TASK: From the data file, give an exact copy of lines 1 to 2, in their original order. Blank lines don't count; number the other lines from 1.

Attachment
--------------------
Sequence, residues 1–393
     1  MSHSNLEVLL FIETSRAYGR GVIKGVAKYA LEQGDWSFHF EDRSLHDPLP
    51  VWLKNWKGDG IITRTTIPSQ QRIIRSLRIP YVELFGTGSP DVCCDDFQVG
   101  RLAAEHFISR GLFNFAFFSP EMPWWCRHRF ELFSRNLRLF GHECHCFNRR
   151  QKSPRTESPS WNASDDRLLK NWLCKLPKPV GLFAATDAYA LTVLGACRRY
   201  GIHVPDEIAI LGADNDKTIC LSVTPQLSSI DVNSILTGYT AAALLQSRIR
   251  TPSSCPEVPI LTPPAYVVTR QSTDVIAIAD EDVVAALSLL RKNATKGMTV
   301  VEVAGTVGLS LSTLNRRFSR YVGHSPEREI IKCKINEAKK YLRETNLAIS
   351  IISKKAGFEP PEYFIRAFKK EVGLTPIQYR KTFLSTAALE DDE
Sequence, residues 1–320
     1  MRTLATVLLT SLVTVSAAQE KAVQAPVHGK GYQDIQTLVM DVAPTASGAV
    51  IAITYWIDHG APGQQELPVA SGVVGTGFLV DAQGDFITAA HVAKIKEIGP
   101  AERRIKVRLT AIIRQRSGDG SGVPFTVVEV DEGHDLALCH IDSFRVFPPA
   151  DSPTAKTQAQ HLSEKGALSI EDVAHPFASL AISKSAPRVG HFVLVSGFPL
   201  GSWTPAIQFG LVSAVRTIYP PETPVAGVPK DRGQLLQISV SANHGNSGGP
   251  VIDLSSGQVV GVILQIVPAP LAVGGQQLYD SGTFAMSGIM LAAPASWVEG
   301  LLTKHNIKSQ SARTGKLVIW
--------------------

Sequence, residues 1–393
     1  MSHSNLEVLL FIETSRAYGR GVIKGVAKYA LEQGDWSFHF EDRSLHDPLP